Today’s story looks to the future, with a tale of first contact gone horribly awry.
Outside The Reaching Sky
[Adventure] [Alternate Universe] • 106,310 words
(Curator Note: Although this story is a sequel, it requires no knowledge of the original work.)
Eighty years after the events of The Dread Chitin, Equestria is a radically different place. The arcane science of the late Duran Thirk and the information found on the Star League library core have combined to catapult the nation’s science ahead by hundreds of years.
Now, facing the possible aggression of a completely unknown alien power, Twilight Sparkle and her friends have to gather together once more, leading a crew of the best ponies they could assemble in a voyage outside their own star system. They seek to learn about their potential foe, to explore the galaxy around them, and possibly find allies and friends to stand alongside them. Who knows what they will actually find?
FROM THE CURATORS: Outside The Reaching Sky is science fiction in the best classic tradition — “straight-up space opera,” as Horizon put it. “It’s got the same sort of verve as Star Trek: gratuitous space battles mixed with character drama.” Equestria stumbles into a galactic war and conspiracy as they bootstrap themselves off their planet, and the ponies’ new frontier is richly realized. “The worldbuilding and technical additions feel ‘real’ in a way too few stories do,” Chris said, and Present Perfect agreed: “Karazor’s done a good job crafting alien mindsets, not just in the actual aliens the ponies encounter, but for the ponies too.”
Like much classic sci-fi, it lingers richly over the details of its civilizations and technologies. That attention to worldbuilding was too much for some curators, but a majority of us dove in and found ourselves quickly swept up. For instance, Present Perfect did a double-take after getting sucked into a multi-hour reading marathon: “Wow, I’m halfway through already?” Chris was similarly sucked in: “I read a couple of chapters right before bed, and found myself too worked up over what an idiot Fluttershy was being to get to sleep. Any fic that gets me that invested in its characters deserves a feature.” Horizon summed it up: “If it doesn’t grab you within the first chapter or three, it won’t; but if you enjoy it, it’ll reward you right through to the end.”
Read on for our author interview, in which Karazor discusses birthday panic attacks, eighty-year changes, and the language of infinite monkeys.
Give us the standard biography.
Oh, the biography? I’m sure I’m quite boring. Perhaps I’m a student. Or an accountant. Or a grandparent. Then again, perhaps I’m the third in a series of identical clone bodies produced to house a particular consciousness, peering at Earth from my perch on the frozen world of Yuggoth and trying to understand a different form of identity as practiced by the inhabitants of that burning world. Or I could be a Shining Spear exarch on the craftworld of Saim-Hann, finding a place that resonates with the Infinity Circuit and using it as a way to grasp desperately at the Paths I lost when I became trapped on the Path of the Warrior. Then again, I could be a gateway to the Dimension of Infinite Monkeys and Typewriters, taking a break on my endless quest to perfectly reproduce the works of Shakespere. (We got it in French once, but we’re still working on the English version.) Everything I just said is probably false. Of course, it could all be true, too!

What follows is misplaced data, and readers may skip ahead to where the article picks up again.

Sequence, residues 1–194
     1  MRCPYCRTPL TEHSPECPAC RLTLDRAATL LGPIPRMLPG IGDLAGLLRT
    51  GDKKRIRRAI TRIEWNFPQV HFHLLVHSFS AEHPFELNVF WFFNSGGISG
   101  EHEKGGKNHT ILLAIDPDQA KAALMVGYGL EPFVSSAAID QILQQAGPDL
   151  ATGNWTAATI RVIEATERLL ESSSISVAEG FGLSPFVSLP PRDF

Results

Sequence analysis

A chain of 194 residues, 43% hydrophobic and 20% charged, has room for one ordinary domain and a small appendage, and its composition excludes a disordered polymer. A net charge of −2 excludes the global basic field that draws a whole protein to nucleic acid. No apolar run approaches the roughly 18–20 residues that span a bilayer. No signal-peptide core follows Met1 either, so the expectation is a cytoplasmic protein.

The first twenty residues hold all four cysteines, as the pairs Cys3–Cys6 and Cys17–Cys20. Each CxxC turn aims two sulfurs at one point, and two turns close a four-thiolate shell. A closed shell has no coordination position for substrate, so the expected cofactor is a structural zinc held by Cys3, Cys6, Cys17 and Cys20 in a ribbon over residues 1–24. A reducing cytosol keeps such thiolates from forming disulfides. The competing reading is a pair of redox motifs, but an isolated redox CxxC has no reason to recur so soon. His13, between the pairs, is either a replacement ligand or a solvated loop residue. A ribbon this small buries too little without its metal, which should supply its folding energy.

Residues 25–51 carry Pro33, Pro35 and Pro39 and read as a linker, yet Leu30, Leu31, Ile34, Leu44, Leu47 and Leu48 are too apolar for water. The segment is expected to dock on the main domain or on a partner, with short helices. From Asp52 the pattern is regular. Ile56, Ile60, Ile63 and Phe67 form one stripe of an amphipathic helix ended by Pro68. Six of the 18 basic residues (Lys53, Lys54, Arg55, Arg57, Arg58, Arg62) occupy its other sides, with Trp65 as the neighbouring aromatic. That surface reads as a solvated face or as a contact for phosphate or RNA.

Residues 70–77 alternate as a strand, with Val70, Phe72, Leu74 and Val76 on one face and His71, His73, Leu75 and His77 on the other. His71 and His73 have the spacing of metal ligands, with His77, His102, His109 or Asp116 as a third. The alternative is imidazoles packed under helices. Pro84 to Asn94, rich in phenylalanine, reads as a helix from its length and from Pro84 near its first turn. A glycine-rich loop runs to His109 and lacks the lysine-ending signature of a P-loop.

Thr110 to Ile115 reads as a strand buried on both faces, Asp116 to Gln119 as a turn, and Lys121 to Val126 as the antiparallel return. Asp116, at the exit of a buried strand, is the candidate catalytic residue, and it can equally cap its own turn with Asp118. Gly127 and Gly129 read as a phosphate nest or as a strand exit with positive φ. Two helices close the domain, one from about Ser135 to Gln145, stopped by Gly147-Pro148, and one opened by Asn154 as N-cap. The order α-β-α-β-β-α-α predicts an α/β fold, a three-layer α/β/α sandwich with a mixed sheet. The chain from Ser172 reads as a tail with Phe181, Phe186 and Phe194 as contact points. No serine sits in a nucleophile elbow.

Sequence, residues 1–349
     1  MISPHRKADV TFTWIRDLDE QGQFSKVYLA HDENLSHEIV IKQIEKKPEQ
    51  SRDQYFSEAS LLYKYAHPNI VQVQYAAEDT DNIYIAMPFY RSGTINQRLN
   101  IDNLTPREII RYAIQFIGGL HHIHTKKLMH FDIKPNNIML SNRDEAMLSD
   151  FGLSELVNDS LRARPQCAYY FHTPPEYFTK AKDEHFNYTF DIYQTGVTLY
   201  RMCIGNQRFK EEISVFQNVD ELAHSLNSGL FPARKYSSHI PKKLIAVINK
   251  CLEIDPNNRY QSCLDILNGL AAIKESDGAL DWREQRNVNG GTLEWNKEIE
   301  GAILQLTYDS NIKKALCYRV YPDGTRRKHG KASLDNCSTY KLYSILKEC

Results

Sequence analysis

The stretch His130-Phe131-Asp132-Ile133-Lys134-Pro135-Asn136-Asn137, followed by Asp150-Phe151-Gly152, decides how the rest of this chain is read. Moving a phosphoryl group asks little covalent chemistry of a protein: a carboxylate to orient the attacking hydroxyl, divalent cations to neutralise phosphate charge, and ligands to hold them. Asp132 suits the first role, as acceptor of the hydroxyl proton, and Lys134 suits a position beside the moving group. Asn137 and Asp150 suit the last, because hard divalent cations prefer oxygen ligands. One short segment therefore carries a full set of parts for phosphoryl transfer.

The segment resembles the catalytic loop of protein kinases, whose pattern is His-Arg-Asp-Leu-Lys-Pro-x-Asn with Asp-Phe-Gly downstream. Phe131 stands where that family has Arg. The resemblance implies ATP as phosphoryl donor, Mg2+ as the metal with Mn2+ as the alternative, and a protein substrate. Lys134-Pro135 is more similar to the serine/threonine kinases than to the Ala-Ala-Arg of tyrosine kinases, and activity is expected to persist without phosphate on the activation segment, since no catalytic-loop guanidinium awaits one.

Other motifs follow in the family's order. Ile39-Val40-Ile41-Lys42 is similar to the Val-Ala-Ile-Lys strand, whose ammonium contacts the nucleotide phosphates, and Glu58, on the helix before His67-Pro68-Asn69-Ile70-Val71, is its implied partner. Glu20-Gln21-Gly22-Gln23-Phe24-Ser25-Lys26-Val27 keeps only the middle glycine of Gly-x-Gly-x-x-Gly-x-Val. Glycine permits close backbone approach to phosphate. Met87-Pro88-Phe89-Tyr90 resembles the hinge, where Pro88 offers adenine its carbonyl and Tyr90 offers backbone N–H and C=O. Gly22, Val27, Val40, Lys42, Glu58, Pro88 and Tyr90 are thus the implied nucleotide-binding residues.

How did you come up with your handle/penname?
Believe it or not, it was a character’s name in something I was working on back when I was in Junior High, and I’ve sort of used it as an Internet handle ever since. (The story was wretchedly bad and long since consigned to a dumpster, but the name stuck around.)
Who’s your favorite pony?
What’s your favorite episode?
Goodness, that’s actually a rough question. I think the one that really grabbed my attention early on was “Sonic Rainboom,” and I think it’s definitely one of the better ones. I also quite liked “Testing, Testing, 1,2,3” and “Lesson Zero,” as well as “Nightmare Night.” Hard to narrow it down to just one, you know?
What do you get from the show?
Me, personally, I get to watch well-developed characters interact. That shit is like cocaine for me. The earlier seasons also had these interesting gaps that I could fill in with various forms of worldbuilding, and that’s like cocaine squared.
What do you want from life?
To crush my enemies, see them driven before me, and hear the lamentations of the women. Not much, honestly. I’m a boring individual with few desires and no ambition!
Why do you write?
Because there’s stories I want to tell. Or because there’s stories I wanted to read, but I can’t find them, so I make them. Or to see things happen, because I had an image in my head and I wanted to have something around it to frame it with. Or just because I liked it, ha ha.
What advice do you have for the authors out there?
Advice? Heh, I’m a terrible source of advice. If I were to pick something, I’d just say to write stuff you’d want to read, and it doesn’t matter if anyone else reads it or even wants to, so long as you want to read it, you’re golden.
Why did you decide to extend the lifespans of the mane cast rather than use a cast of OCs for your characters?